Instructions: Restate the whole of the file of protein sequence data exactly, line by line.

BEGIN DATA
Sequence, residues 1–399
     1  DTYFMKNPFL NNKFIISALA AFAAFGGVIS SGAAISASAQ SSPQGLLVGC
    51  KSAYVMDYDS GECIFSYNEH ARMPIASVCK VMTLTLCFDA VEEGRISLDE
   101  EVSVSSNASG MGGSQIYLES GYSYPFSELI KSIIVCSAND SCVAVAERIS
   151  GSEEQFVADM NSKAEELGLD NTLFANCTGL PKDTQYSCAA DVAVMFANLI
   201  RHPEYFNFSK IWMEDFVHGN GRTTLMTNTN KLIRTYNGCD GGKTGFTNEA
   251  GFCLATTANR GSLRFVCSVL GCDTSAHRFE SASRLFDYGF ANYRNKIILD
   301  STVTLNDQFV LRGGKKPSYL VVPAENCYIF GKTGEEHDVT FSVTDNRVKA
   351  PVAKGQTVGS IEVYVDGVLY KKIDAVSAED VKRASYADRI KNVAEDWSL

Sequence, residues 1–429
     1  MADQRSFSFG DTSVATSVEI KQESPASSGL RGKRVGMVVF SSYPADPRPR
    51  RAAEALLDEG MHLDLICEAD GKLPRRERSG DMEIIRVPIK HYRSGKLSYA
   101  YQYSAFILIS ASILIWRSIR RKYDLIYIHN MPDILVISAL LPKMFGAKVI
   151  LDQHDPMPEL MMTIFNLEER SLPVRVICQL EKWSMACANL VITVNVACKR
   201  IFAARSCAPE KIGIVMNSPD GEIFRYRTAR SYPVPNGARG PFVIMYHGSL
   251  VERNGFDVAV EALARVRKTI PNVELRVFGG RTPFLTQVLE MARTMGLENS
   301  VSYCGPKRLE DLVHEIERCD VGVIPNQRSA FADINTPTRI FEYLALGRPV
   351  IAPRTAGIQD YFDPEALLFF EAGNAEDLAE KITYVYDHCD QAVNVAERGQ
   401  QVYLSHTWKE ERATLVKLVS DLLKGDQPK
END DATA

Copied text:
Sequence, residues 1–399
     1  DTYFMKNPFL NNKFIISALA AFAAFGGVIS SGAAISASAQ SSPQGLLVGC
    51  KSAYVMDYDS GECIFSYNEH ARMPIASVCK VMTLTLCFDA VEEGRISLDE
   101  EVSVSSNASG MGGSQIYLES GYSYPFSELI KSIIVCSAND SCVAVAERIS
   151  GSEEQFVADM NSKAEELGLD NTLFANCTGL PKDTQYSCAA DVAVMFANLI
   201  RHPEYFNFSK IWMEDFVHGN GRTTLMTNTN KLIRTYNGCD GGKTGFTNEA
   251  GFCLATTANR GSLRFVCSVL GCDTSAHRFE SASRLFDYGF ANYRNKIILD
   301  STVTLNDQFV LRGGKKPSYL VVPAENCYIF GKTGEEHDVT FSVTDNRVKA
   351  PVAKGQTVGS IEVYVDGVLY KKIDAVSAED VKRASYADRI KNVAEDWSL

Sequence, residues 1–429
     1  MADQRSFSFG DTSVATSVEI KQESPASSGL RGKRVGMVVF SSYPADPRPR
    51  RAAEALLDEG MHLDLICEAD GKLPRRERSG DMEIIRVPIK HYRSGKLSYA
   101  YQYSAFILIS ASILIWRSIR RKYDLIYIHN MPDILVISAL LPKMFGAKVI
   151  LDQHDPMPEL MMTIFNLEER SLPVRVICQL EKWSMACANL VITVNVACKR
   201  IFAARSCAPE KIGIVMNSPD GEIFRYRTAR SYPVPNGARG PFVIMYHGSL
   251  VERNGFDVAV EALARVRKTI PNVELRVFGG RTPFLTQVLE MARTMGLENS
   301  VSYCGPKRLE DLVHEIERCD VGVIPNQRSA FADINTPTRI FEYLALGRPV
   351  IAPRTAGIQD YFDPEALLFF EAGNAEDLAE KITYVYDHCD QAVNVAERGQ
   401  QVYLSHTWKE ERATLVKLVS DLLKGDQPK